F- Firstly pinpointing students, they are the issue of the matter. Students themselves are the problem. I cannot accept students who see the issue but do nothing. Students must work hard themselves to get ahead and one day change the situation for others. If no one works for the change who will change the future?. But no student is willing to work to make a change. Students will cheat in order to succeed. Every student’s goal is to get money, not to improve the action or change the situation. A change of mindset must be achieved.
Secondly, teachers will go to the internet to research things and learn from unreliable sources. Teachers should be teaching you things you don’t know, but teachers are not educated enough for teaching.
Everyday walking over 4 km to get an education, you become dead on your feet before the end of the year. Killing the motivation of students. Students must change the problem, before the government and before teachers. Students must make the change.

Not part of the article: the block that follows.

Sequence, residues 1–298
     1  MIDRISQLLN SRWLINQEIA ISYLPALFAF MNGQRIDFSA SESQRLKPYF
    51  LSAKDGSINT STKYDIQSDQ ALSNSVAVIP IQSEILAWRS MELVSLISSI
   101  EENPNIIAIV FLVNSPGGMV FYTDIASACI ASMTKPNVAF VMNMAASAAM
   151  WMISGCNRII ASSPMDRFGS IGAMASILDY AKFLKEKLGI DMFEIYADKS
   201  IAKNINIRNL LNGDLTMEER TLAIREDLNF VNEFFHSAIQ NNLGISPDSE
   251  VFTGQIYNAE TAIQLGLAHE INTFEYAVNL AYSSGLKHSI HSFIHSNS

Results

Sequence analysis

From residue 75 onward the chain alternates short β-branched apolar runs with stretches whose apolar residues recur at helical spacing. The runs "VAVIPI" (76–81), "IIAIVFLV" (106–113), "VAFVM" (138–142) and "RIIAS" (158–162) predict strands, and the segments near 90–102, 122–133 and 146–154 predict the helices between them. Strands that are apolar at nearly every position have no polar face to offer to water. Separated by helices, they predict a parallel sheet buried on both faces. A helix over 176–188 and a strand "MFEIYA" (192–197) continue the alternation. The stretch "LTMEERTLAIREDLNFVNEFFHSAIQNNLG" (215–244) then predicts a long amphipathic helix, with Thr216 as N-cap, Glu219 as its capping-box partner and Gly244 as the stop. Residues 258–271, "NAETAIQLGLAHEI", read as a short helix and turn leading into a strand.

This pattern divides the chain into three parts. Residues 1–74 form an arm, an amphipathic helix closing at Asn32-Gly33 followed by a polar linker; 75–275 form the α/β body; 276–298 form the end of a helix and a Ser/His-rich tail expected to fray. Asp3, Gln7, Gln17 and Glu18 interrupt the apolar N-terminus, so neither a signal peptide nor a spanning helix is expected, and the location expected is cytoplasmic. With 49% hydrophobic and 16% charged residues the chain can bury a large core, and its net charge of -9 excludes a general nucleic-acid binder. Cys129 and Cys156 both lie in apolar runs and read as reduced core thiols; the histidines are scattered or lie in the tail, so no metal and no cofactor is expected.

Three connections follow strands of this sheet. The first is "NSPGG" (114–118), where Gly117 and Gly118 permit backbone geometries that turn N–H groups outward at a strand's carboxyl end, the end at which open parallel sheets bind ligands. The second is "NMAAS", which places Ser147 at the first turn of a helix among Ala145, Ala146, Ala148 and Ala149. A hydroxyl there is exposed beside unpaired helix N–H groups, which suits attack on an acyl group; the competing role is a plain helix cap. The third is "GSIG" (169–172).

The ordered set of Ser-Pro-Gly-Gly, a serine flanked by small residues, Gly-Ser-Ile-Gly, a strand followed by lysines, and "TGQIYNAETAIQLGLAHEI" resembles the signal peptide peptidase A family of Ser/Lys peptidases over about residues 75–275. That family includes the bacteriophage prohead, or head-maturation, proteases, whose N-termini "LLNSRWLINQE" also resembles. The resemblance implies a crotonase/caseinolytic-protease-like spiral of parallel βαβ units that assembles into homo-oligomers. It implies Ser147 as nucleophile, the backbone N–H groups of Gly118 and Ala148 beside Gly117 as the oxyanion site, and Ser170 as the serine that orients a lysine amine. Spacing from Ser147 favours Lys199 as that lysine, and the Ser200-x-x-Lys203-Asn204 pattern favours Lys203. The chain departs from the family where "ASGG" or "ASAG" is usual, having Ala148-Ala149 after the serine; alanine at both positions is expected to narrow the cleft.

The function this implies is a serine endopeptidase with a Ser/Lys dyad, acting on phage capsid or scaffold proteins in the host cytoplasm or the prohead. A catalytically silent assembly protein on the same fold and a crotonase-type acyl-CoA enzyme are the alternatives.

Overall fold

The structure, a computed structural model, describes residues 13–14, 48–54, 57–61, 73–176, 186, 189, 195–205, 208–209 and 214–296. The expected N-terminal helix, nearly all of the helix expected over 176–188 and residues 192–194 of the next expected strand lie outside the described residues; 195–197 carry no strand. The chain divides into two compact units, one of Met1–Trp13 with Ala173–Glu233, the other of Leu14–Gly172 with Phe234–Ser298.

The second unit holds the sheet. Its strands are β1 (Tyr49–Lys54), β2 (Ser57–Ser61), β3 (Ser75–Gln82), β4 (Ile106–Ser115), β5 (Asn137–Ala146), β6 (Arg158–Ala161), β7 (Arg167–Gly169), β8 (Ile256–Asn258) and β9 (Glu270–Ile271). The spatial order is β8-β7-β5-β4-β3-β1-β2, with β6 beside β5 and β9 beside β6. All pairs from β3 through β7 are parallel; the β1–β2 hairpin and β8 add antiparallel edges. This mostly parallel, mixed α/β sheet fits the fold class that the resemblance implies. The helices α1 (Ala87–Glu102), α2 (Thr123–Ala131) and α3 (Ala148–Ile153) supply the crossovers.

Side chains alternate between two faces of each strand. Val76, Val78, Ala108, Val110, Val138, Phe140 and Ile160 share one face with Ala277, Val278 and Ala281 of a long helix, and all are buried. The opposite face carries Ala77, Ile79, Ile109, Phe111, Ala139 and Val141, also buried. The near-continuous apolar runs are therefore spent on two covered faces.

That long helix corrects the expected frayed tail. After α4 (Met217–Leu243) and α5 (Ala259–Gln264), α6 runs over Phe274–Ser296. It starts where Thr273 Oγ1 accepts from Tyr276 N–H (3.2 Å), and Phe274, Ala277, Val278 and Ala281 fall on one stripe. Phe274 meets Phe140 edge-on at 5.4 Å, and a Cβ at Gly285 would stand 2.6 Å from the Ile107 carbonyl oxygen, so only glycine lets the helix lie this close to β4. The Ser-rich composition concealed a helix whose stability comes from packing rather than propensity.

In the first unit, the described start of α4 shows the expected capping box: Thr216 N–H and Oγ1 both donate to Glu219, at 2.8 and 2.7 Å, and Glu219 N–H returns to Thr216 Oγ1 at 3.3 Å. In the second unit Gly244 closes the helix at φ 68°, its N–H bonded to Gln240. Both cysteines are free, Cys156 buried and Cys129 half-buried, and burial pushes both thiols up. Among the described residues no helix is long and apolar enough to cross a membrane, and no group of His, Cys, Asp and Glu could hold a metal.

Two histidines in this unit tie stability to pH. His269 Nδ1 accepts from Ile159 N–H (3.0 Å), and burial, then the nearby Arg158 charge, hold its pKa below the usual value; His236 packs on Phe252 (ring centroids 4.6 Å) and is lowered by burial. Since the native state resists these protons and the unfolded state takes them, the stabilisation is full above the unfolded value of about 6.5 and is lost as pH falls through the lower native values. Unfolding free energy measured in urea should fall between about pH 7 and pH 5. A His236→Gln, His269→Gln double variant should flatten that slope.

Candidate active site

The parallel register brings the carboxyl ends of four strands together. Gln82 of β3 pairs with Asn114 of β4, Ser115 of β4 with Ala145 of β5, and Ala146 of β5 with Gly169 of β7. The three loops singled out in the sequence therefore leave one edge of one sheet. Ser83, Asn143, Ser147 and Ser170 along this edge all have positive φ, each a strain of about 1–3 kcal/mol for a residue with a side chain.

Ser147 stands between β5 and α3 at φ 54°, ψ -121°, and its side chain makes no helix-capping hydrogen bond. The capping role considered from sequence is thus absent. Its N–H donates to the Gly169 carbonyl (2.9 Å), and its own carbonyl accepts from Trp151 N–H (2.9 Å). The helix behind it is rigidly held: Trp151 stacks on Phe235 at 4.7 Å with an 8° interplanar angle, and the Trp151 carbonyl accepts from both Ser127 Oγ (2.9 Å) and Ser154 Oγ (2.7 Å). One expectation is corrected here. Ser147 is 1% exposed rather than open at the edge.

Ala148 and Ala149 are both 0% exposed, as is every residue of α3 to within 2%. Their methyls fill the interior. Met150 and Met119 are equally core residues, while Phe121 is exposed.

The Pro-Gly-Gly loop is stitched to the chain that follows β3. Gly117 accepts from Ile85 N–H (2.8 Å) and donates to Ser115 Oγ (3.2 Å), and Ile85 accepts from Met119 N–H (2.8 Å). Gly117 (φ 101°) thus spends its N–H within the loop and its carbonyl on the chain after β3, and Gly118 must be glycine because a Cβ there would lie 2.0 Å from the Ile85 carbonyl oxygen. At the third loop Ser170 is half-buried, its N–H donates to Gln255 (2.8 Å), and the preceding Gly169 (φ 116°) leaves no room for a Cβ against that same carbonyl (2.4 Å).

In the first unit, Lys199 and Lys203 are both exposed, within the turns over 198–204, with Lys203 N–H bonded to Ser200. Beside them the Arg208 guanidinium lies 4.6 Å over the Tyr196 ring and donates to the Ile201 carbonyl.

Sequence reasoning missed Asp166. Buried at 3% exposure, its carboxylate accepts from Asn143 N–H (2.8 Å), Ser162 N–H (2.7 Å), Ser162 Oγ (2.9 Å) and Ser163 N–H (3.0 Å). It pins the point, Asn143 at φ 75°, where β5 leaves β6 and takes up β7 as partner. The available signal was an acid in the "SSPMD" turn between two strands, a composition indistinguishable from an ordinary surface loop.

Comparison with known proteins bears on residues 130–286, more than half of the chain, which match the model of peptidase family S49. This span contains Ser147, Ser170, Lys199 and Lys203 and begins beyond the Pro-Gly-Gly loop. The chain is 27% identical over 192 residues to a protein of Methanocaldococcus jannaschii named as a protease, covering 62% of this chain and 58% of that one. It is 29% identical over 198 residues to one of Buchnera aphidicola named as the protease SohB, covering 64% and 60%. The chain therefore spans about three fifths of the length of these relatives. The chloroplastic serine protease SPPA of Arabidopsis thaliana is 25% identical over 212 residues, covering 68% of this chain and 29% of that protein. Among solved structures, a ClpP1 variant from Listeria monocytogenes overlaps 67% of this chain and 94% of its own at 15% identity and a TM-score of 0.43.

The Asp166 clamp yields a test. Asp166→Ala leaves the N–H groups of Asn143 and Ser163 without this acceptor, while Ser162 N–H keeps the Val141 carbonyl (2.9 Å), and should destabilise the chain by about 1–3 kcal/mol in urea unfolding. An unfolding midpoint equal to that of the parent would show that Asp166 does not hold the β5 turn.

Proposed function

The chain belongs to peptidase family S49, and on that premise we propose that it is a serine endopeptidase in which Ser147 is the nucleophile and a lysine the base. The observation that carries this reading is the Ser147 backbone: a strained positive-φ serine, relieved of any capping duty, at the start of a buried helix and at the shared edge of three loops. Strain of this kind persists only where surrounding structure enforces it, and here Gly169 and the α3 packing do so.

I want to change it all, and set it right. My dream is to be a politician. Someone who really wants to help the people of my nation. An objective eye.
The government is the last step in the solution, everyone else should be working their finger to the bone to get what they want. I want to set his dream. The Senegalese dream! To go forward and get what you want or die.
Hopefully, this brief interview transcript was an interesting door for further reader’s research on the topic, as it was for me.
At the same time, we expected E-jáng radio to be a little contribution to access to English education through this free practice platform.
Keep reading the following weeks blogs about our radio program and my learning here in Senegal.